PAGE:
scheduled to go to LA for Steves show, and since Im now such an expert on
grief, and since I knew Jane would be devastated by losing her lifes partner, and
since I knew she'd left her support system behind in Australia, I called and talked with
her on the phone at length. I had hoped to
meet with her when in LA, but that never happened.
Jane is back
in Australia now and her grief is being compounded by the actions of Marys sisters,
who are contesting Marys will, which left some things to Jane. They are also
accusing Jane of stealing Marys ashes to bring with her to Australia
(not true, as the ashes are still in California). The
thing that makes me angry is now insensitive Marys sisters are being of her
relationship with Jane. And would they have
treated a male surviving spouse in such a callous manner?
#2: Go now immediately and rent If
These Walls Could Talk, Part 2 Its
3 mini stories which are set in the same house in different decades. The first one, for which Vanessa Redgrave won an
Emmy, is the story of two elderly lesbians, who have lived together for years and years. Their care in presenting a public face of roommates and the love and
affection they feel for each other when they are in their home is a tragic reminder of the
stigma of same gender couples, especially in the 50s, when this is set, but in many areas
One of the
women dies suddenly and the story is the painful aftermath for the other, Redgrave, as she
has to hide the grief at losing the love of her life while watching her partners
only surviving relative, a nephew she has not seen since he was a child, take over the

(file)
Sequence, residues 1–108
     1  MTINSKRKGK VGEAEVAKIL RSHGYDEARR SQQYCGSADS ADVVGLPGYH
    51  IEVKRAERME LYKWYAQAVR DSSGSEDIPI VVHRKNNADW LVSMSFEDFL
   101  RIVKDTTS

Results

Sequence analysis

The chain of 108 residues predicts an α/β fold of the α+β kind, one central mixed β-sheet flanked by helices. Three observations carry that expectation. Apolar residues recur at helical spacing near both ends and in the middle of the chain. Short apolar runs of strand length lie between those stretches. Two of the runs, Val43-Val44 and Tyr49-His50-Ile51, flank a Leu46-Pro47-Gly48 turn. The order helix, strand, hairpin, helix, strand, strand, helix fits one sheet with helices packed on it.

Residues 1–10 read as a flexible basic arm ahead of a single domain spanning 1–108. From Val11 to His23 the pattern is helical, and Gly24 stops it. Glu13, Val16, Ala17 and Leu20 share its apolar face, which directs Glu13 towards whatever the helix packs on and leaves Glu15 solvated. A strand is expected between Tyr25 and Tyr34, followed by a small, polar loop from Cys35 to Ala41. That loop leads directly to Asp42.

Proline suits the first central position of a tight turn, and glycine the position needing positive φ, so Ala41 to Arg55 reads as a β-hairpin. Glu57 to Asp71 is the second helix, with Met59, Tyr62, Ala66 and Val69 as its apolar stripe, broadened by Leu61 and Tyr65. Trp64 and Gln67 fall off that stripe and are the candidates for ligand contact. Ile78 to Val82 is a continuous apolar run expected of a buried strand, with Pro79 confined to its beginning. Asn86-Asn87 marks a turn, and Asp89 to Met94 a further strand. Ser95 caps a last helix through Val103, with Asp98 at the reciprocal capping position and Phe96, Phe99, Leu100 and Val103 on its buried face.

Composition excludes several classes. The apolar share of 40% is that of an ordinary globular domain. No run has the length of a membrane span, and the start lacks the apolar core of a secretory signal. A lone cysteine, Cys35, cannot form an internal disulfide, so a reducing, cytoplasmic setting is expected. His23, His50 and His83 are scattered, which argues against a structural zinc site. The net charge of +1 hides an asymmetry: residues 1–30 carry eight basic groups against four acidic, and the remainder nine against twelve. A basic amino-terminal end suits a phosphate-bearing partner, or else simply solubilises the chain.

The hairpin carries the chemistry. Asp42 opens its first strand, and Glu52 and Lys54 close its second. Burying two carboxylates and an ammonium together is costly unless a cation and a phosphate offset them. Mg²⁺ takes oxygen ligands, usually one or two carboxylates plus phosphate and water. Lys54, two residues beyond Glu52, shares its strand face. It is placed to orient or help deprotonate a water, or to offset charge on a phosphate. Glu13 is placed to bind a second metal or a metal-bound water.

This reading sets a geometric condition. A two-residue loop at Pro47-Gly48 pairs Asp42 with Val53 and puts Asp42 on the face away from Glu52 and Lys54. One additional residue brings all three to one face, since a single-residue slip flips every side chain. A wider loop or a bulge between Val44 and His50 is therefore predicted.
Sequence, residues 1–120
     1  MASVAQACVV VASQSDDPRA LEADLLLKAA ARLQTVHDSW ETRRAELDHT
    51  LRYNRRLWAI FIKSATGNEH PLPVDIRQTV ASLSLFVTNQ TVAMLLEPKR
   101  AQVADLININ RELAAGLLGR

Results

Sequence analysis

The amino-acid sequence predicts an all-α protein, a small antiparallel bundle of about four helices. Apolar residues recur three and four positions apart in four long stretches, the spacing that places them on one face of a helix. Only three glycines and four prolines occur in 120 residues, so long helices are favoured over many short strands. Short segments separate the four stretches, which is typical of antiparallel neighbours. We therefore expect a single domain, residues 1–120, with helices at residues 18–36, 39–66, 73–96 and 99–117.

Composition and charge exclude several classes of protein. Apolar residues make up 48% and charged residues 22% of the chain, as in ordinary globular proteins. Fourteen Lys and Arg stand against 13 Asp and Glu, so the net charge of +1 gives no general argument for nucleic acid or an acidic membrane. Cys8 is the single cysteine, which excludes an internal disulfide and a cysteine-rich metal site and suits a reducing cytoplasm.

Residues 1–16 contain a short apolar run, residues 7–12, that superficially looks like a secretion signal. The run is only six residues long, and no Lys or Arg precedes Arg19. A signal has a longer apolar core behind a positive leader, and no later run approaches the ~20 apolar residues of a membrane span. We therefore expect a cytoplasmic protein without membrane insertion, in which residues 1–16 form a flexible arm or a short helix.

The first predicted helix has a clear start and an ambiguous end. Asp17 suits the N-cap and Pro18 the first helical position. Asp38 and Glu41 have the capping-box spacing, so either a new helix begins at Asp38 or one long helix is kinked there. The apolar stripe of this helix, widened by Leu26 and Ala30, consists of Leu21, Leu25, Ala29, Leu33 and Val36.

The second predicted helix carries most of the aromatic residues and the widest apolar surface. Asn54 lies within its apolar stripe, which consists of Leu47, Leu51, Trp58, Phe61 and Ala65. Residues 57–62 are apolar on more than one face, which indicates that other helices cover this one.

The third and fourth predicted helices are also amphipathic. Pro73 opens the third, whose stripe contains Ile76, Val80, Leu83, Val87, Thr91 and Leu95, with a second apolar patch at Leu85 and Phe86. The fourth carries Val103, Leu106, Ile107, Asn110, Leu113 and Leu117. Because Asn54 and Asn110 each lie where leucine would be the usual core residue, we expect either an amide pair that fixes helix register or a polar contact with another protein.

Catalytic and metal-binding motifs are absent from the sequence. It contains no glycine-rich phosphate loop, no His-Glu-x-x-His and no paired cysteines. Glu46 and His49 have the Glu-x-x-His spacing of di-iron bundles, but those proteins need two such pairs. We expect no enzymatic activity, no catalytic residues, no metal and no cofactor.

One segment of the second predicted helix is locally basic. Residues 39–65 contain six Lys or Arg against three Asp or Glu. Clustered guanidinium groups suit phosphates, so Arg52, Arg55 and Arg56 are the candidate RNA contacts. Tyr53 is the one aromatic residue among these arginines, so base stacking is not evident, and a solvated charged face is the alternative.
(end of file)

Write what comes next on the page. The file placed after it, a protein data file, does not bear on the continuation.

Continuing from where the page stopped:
house, sell off the womans things, and be totally oblivious to the depths of
Redgraves grief, and insensitive to the
nature of their relationship.
to mind the story of a 72 year old gentlemen I met at a PFLAG meeting, who lost his
partner of over 50 years and the resulting financial hassle that ensued following the
death. It ended in his having to sell the home they had built together and lived in
for decades, and move into a small apartment, which necessitated selling their lifelong
art collection, because he had no place to put it.
It seems that in looking at same gender couples,
so many people can't see beyond the whole physical thing. "The ewwww
factor," someone called it once. There are huge groups of people who seem
to think that it's impossible for two people of the same gender to form a close, loving,
lifelong bond and that it's possible that it goes deeper than a mere physical act.
That they can love each other. Care for each other. Want to spend their lives
together--just doing simple things like washing the dishes, painting a fence, walking the dog, watching
dumb things on television.
The problem with these short-sighted views is that
it results in the marginalization of
a huge segment of the population, a segment which pays the same taxes as its straight
counterparts, but don't enjoy nearly the same level of benefits as a result.
Thank goodness there are starting to be some
inroads made, but for people who have had to live in a closet their whole life, progress
is painfully slow. Will we ever, in my lifetime, see a day when people can have
legal protections everywhere in the US for things like hospital visitations, death
decisions, inheritance of property, and all of the other >1,000 rights and privileges
that straight married couples enjoy which gay couples pay for but are denied.
The day will come too late for Jane, who has to
endure being relegated to the status of second class citizen and relinquish decisions
about her life partner, and disposition of the things they shared together, to other